I hope this finds you well and centered.
Over the past week or so, I've been watching the developments in the US Senate's review of a nominee for a lifetime appointment to our Supreme Court. As initial allegations of his sexual misconduct emerged --- without consent of the survivor --- and as that first survivor stepped forward, I've found myself deeply occupied by this moment, and by how much hangs in the balance.
Here, I'm writing my way through the dense fog of the history of inequality and injustice, and toward the fissures of light we can notice right now, as we look carefully.
This essay will be unapologetically long, because not everything can be condensed to a tweet. Or three.
You've probably found my work because of an interest in narcissism or anti-social or "borderline" behavior. As recent history reminds the world, these are not just problems of familial or romantic relationships. The deficits, strategies, and tactics of narcissistic and anti-social people, elevated to a collective level and given platforms of power, underwrite structural patterns of inequality and public policies devoid of empathy, honesty, integrity, responsiveness, and commitments to the collective good. We're watching this in blatant forms on our national stage, and the developments around the current Supreme Court nominee offer another powerful example.
Nearly every woman and non-binary person, along with a significant number men, I have known and loved, has experienced some variety of unwanted, intrusive sexual behavior. Anyone with the capacity to love loves someone who has been violated. From street harassment to gender and body shaming, to workplace sexual badgering and bargaining, to physical boundary violations that include rape and murder, these behaviors resonate in the lives of survivors and the people who love them for a very long time.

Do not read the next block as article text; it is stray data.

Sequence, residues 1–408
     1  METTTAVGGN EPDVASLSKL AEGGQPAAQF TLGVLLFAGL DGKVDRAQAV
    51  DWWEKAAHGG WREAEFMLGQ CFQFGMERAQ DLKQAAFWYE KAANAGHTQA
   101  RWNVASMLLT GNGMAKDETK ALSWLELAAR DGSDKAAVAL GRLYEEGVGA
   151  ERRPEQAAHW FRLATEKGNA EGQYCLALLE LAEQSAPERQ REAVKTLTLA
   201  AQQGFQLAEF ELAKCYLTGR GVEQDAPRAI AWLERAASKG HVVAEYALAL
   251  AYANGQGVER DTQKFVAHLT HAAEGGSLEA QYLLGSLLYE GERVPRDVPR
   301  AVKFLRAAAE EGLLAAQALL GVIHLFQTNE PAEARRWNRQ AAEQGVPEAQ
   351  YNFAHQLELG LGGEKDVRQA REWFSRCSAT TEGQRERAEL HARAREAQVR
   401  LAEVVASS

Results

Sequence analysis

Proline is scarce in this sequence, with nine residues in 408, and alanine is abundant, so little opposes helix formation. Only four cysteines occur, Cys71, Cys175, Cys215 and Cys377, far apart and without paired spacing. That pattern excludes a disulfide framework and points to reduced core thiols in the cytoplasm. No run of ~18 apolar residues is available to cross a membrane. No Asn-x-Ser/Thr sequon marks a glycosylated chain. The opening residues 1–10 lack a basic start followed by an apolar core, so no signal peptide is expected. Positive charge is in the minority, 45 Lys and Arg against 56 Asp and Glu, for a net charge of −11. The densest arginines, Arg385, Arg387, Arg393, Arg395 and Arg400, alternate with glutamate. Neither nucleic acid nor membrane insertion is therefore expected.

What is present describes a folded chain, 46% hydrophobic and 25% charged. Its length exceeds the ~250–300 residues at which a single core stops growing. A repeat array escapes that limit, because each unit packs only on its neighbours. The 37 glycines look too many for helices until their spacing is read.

Across these experiences, sexual violence is always used as a means of social control. Whether as part of the "rape and pillage" of war or the control of intimates, whether as part of intimidating women and other marginalized groups from walking freely alone in the outdoors or entering institutions of power, sexual and gender violence (and the threat of it) embodies dominance and an effort to maintain it.
One of the reasons survivors don't report these incidents is their very rational assessment that doing so will only set them up for more trauma, hurt, and hassle. If you are familiar with the narcissistic/anti-social play book, you'll be familiar with the tactics survivors face.
In 1957, sociologists David Sykes and Gresham Matza argued that juvenile delinquents use five techniques of neutralization to deal with the guilt they experience in the wake of deviant behavior:
- Denial of responsibility
- Denial of injury
- Denial of victims
- Appeal to higher loyalties
- Condemnation of condemners
It's easy to see how these techniques of neutralization show up in the crazy-making playbook used by people with narcissistic and anti-social traits:
- Deny the incident ["Didn't happen." "Didn't do it."]
- Deny the impact ["If it were as bad as she/he/they said, they would have called the FBI three decades ago]
- Use a status shield ["We're The Church!" "They're your coach!" "He was a boy scout!"]
- Undermine the victim's credibility ["They were too young, too drunk, etc. to know what was happening."]
- Blame the victim ["If they hadn't faked their ID, they wouldn't have been out with older guys."]
- Acknowledge the incident but claim there was a misunderstanding ["Yes, we did xyz in the Oval Office, but that's not sex;" "They were agreeing to it; they fact that they were stoned doesn't matter." "They didn't say 'No' (because they were incapacitated). ]
- Blame someone else ["Yes, I did xyz, but it was because you made me" or "Yes, we did XYZ, because the club required it." "Yes, I did XYZ, but the the Church would have kicked us out if hadn't."]
- Project it onto you ["You attacked me;" "You're messing with *my* mind." "You wanted me to humiliate you." ]